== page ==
During the night hike, I felt scared because I thought something was going to jump out and eat me.... Maybe it would have been better if I believed in myself. I felt like I trusted in [Red Tail], and I trusted in everyone.  I knew we had a family that was connected. I knew that we had something in common.  I knew who I was and what I believed in - I was something, something that cared about me. I knew who I was. I knew I would trust in myself, my friends, and my parents.  I never found anyone like them. I trust in everyone, and I hope they do too. 

                   - Cheetah. 

Thanks for a great week, kids from Laurelwood and Norwood Creek!  May you take all this back to your communities and enrich the world in joyful ways!

Friday, February 3, 2012

Lichens! And a Flicker Feather!

Wow, we saw some really great lichens this week!

Our Mystery Lichen!  (Eagle from Cadwallader School in background)

A closer look at our mystery lichen! 

Above are two photos of the lichen we found this week. Lichen (pronounced "LIE-ken" in the U.S. or "LIH-chen" in England) is a wonderful symbiosis, or cooperation, between a fungus and (usually) an alga (algae).  The fungus provides a structure and a place to live, and the alga does photosynthesis and shares the glucose it creates with the fungus.  So both organisms benefit, and they live together, helping each other out.  How cool is that?

Here's a little story to help you remember all this:
Alice Alga and Freddie Fungus took a "lichen" to each other, and decided to go out on a "limb" and get married.  Alice made the food (by photosynthesis) to feed both of them, and Freddie built the house that they both lived in.  It was a great arrangement, and they lived happily together for many years.  Now I hear that their marriage is "on the rocks."  (Get it?) 

Now a little interactive quiz - can you tell which type of lichen ours is?

All the thousands of types of lichens are grouped into just a few categories based on their morphology, or shape, kind of like vertebrates are grouped into five categories (fish, amphibians, reptiles, birds, and mammals).  Here are the lichen morphologies (with photos from the internet):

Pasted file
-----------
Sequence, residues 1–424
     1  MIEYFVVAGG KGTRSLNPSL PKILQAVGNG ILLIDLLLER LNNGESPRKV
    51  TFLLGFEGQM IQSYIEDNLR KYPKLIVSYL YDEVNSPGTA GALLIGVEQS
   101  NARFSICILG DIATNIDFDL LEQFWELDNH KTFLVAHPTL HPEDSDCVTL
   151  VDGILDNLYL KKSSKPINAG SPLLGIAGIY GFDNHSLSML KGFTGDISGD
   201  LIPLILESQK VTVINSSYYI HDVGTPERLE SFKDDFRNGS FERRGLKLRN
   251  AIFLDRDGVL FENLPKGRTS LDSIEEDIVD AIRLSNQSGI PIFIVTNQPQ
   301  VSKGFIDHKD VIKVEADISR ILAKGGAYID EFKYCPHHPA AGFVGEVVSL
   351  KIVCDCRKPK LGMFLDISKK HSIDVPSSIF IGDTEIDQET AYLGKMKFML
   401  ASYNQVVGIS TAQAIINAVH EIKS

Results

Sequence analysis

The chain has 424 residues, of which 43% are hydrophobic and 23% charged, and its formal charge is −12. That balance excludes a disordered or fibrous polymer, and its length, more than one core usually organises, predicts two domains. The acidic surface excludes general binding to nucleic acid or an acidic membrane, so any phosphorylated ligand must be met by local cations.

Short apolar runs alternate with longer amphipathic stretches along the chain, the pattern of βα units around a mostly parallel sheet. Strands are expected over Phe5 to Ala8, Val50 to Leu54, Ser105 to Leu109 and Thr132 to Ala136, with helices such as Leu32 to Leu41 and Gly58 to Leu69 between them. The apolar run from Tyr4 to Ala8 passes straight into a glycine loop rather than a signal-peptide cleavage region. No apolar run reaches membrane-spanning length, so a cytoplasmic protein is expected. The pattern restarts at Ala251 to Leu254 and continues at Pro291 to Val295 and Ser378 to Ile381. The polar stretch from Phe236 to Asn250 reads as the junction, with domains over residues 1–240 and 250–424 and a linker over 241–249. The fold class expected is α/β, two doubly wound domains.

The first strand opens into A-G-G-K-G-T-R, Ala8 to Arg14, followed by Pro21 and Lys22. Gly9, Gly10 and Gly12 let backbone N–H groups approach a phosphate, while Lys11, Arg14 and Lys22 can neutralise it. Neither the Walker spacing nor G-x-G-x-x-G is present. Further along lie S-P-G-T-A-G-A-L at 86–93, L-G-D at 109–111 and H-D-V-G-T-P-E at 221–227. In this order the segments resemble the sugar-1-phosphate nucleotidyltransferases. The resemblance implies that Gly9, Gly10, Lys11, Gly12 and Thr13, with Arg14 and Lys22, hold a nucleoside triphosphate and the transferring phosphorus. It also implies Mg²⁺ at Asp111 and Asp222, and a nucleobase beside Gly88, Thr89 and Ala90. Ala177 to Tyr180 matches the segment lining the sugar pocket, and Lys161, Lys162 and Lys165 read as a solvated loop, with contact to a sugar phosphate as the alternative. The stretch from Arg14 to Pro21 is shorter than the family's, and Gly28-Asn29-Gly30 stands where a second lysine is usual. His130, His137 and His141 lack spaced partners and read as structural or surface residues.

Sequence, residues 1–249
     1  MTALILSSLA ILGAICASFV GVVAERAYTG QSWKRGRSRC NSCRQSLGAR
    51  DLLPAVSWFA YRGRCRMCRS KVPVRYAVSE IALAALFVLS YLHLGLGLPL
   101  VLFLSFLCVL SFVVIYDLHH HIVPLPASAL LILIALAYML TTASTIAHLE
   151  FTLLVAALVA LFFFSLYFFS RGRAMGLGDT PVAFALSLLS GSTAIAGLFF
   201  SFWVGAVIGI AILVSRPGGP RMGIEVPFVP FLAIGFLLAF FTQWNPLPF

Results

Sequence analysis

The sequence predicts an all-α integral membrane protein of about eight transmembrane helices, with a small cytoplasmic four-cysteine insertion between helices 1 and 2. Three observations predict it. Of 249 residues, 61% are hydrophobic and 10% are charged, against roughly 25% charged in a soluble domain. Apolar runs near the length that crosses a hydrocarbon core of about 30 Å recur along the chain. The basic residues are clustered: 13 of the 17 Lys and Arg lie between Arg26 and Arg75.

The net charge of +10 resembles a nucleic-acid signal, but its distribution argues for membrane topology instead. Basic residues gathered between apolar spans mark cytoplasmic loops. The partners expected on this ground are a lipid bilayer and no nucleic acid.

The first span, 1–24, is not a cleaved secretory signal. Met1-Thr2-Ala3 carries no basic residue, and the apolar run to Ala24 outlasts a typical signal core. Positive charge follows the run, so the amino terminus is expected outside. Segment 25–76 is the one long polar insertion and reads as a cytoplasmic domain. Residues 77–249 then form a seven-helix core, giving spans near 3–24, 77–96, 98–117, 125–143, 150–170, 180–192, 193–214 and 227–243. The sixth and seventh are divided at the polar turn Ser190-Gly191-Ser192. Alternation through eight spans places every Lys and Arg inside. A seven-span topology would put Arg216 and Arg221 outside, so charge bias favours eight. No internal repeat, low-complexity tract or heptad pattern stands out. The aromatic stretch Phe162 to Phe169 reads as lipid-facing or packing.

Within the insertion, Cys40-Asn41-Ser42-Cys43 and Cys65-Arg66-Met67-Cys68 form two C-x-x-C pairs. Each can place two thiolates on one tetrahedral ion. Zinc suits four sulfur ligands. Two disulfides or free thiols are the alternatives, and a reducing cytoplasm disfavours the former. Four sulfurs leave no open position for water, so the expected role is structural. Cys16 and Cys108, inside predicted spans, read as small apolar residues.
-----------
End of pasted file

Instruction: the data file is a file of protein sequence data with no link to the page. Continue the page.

Foliose lichen is "leafy" like lettuce

Crustose lichen is like a thin, tough crust, often on rock (or tree trunks).

Fruticose lichens are "shrubby" like a bush. 

More info on lichen morphology types here.

Here's our mystery lichen again.  Can you tell what type it is?

So which type is ours?  Come on, take a guess.  (Then check your answer with Red Tail's guess, at the end of this post.) 

We also found this feather: 

Cool feather (from a flicker) with Red Chipmunk (Cadwallader School)

I don't know for sure, but I think our feather is from a Red-Shafted Flicker (one of five types of Northern Flicker - the Red-shafted Flicker lives west of the Rocky Mountains).  More info on Northern Flickers here.

Here's are two pictures of Northern Flickers from the internet:

Red-shafted Flicker (a type of Northern Flicker) in flight, showing the tail feathers

Northern Flicker in a more typical position

This was a really cool week despite me being gone for two days due to illness.  Thanks for all the fun, kids from Clark and Cadwallader Schools! You rock!  I am so proud of you!

My group!

Oh, yeah, I almost forgot!  My guess is that our mystery lichen is.... FRUTICOSE!  Wow, that's so cool!

Friday, January 13, 2012

Great week Jan 3-6, and Night Hike reports from some students

Jan 3-6 was a great week. We didn't hear any owls, but we did hear Red Tail make some owl calls during the night hike.

Here are some student quotes:

"Cool air prickling my skin as I slowly put one foot in front of the other, which made a leaf-crunching sound.... Trees that were surrounding me looked as if they were encouraging me to go farther and farther.... An occasional bird tweet seemed like a song with notes softly prancing in the air. The moon's bright light was only partly blocked out by the trees, [accompanying] me the whole long way through the calm, alive forest...." - Tree Frog (Guadalupe School)

"I was scared at first, for this was my first night hike, but soon I wanted to go on another hike just like this.... We also learned about the moon phases. I learned a lot of things in only ONE night. This experience changed my life." - River (Guadalupe School)

who also shares this picture:

And another student:

"... we stopped at an open spot on the trail ad we had a 'Thank-you' circle.  Red Tail taught us about moon phases, solar eclipses, and lunar eclipses.... We looked at the stars and we found Cassiopeia and we used it to find the North star or Polaris.... I learned what fractoluminescence means [light emitted from the breaking of a crystal]."  - Squirrel (Guadalupe School)

Finally we have a nice picture from another student:
- Gray Squirrel (Guadalupe School)

Thanks for being your wonderful selves, kids! Keep being amazing in every way! Let me know all the things you're doing to help each other and the world.

-Red Tail.